One thing you will never hear: "The monitors are too loud. Could you turn my vocals down a bit?"


    If you have subgroups, put drums and on one, vox on another, and instruments on another. This gives you more control. If you have the extra groups, you can divide up instruments, such as a horn group, guitars group, bass/keys group.

    Don't worry about stereo. Unlike a set of nearfields, if you pan something hard left, the people on the right won't hear it. The stereo image in front of PA speakers twenty feet apart is in an area the size of a phone book about fifteen feet in front of the stage. Everyone else hears mono. Slight panning still helps separate things like kick and bass, like in the studio.

    There is more, but I gotta go to dinner.

    p.s. please realize that much of this is tongue in cheek. I love doing sound, and love musicians, and am one myself. A soundman with a bad attitude can ruin a gig.

    damn it. gotta preview my long posts. my elegantly structured paragraphs got munched.
    Last edited by boingoman; 10-14-2004 at 14:57.

  4. #4
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    Hell of a post, boingo. Nice work.
    Bacon!!!

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    Tree said it with a lot less words, though.

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    i'm kinda pissed that you forgot to put "vocalists are assholes" in there. vocalists have the same attitude as the bass and guitar players....they arent happy until they can mainly or only hear themselves and someone is always too loud for the vocalists.

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    Well My attitude is to give them their own mix and make sure they hear themselves well 9Sidefills RULE.)

    LOL

    Or just TRAIN your vocalists.

    I probably spend as much time Training a Band/Vocalist as I do mixing a Show.
    Last edited by giles117; 10-25-2004 at 10:02.
    Bryan Giles

    Mix on and Mix well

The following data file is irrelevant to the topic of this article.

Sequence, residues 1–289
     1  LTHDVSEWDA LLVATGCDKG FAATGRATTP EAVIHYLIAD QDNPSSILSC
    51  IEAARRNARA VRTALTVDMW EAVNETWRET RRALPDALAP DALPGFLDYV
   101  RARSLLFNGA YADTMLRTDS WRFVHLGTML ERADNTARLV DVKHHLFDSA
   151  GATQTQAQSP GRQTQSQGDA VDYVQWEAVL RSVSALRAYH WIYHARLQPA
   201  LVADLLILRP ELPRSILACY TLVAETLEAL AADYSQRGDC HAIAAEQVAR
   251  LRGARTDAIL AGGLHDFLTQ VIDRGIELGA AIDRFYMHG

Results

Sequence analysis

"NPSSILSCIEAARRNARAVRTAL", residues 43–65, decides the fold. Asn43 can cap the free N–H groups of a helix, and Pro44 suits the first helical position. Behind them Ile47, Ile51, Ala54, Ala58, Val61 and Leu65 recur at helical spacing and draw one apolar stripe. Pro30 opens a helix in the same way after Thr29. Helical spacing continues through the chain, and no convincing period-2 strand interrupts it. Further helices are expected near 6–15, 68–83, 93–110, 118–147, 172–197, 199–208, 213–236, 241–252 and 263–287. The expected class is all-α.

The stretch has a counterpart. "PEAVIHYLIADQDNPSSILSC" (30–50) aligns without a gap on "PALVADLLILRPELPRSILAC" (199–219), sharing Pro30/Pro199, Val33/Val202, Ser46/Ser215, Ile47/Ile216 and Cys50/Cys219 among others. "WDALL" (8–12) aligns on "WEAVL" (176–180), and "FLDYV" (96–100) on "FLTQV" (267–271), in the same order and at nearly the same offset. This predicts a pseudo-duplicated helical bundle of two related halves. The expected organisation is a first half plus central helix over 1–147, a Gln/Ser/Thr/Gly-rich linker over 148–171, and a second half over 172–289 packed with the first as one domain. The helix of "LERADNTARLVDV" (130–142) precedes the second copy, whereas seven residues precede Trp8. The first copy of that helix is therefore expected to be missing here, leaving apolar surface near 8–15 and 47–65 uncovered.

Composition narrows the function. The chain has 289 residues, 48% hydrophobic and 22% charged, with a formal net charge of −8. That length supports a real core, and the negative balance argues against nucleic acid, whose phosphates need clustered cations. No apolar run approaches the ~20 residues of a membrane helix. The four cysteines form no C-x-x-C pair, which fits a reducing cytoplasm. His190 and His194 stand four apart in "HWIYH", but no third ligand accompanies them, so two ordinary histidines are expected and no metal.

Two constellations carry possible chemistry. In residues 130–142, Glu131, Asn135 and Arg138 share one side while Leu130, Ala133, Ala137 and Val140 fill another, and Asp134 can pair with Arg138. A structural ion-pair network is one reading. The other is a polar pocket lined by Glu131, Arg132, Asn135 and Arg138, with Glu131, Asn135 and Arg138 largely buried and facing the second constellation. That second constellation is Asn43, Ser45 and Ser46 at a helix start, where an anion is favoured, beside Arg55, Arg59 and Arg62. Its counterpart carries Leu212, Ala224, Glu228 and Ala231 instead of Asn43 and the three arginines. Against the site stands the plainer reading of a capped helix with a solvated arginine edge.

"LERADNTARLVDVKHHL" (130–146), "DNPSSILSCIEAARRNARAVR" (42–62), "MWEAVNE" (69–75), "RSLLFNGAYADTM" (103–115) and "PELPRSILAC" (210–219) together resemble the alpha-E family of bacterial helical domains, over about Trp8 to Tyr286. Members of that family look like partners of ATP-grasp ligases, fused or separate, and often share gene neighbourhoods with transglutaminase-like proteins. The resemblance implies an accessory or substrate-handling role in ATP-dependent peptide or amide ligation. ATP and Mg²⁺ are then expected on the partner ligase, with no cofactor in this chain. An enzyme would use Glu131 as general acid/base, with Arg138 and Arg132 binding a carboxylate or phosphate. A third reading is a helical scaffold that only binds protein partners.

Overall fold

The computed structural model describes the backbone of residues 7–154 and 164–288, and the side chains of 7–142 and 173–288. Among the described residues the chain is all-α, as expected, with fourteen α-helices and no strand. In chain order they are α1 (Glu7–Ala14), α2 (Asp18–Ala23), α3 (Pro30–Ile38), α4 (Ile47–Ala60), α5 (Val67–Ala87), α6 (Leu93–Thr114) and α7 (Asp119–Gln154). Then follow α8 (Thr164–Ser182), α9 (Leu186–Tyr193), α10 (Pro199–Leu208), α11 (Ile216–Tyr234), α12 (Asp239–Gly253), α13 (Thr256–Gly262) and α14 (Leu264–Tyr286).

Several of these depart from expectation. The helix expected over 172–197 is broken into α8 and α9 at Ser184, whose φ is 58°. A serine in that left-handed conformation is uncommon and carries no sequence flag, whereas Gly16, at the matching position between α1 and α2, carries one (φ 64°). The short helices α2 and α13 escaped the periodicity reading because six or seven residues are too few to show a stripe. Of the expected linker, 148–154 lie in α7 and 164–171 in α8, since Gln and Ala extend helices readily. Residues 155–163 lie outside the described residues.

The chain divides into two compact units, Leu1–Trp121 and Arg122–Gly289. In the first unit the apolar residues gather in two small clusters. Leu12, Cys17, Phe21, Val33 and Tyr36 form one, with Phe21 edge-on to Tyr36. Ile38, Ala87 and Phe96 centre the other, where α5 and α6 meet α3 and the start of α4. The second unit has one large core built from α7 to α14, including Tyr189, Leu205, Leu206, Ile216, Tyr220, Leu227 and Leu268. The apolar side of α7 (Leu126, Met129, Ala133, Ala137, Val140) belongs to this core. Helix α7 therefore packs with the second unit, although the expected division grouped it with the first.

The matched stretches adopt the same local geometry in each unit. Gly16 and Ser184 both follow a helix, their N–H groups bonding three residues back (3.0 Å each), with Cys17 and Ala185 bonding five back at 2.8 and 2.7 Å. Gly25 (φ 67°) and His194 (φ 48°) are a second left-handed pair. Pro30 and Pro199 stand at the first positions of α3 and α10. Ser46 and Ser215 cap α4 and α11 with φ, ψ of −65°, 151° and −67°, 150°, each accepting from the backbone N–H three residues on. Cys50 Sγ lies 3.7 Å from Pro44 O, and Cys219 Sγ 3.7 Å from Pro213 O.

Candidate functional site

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    Quote Originally Posted by giles117
    Well My attitude is to give them their own mix and make sure they hear themselves well 9Sidefills RULE.)

    LOL

    Or just TRAIN your vocalists.

    I probably spend as much time Training a Band/Vocalist as I do mixing a Show.
    That is the real point of my qualification at the end of my post. Rather than fighting a band, working with them to give the audience the best possible experience is the way to go. I hear a lot of sound guys say the band is ruining their mix. It is the audience's mix. Helping bands understand this in a reasonable way is a big part of a mixer's job.

    Sometimes it falls on deaf ears. (pun intended) And from unexpected sources.

    I recently mixed for a formerly huge hair band rock star in a small club. Marshall stacks, huge rokk drums, the whole bit. They wanted to make sure they weren't fucking up the sound, very nice gents, who are used to playing in front of stadium crowds. The only loud monitors were the vocalist, who had me cut everything but 400-800hz and make that one octave as loud as I could. Great show, when I figured it was gonna be a nightmare.

    Then the local acoustic guy, who "had to" have the monitors so loud they overwhelmed the PA. Nothing I said made a difference to him. Needless to say, a crappy mix and bad experience for the crowd.

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    awesome post, thanx !!

    but now, questions;
    about monitors, the monitor in front of the vocalist, what audio is sent trough that? only the vocals? or the entire band + vocals?

    are monitors only to HEAR YOURSELF,,,or to hear the entire band?

    the reason i ask this is (i never worked with monitors myself) and second,
    if you connect the monitors to your subgroubs, then its not possible to:

    (for example the vocalist his monitor to playback the entire band trough that one monitor + playback the VOCALS , but the vocals are ALOT louder than the rest,,,,since the vocalist wants to hear himself

    ...

    mhhh... in simple: are monitors for ONE audio stream, or for Multiple audio streams?

    thanx,
    earworm
    ...listen...

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    I have actually been asked to do sound for a venue that my friends are opening up. I'm not sure how big they're going on the PA at first, but they want it to eventually be able to house big bands and such.

    What would you suggest for a decent live mixer?
    Hi, I'm Nick.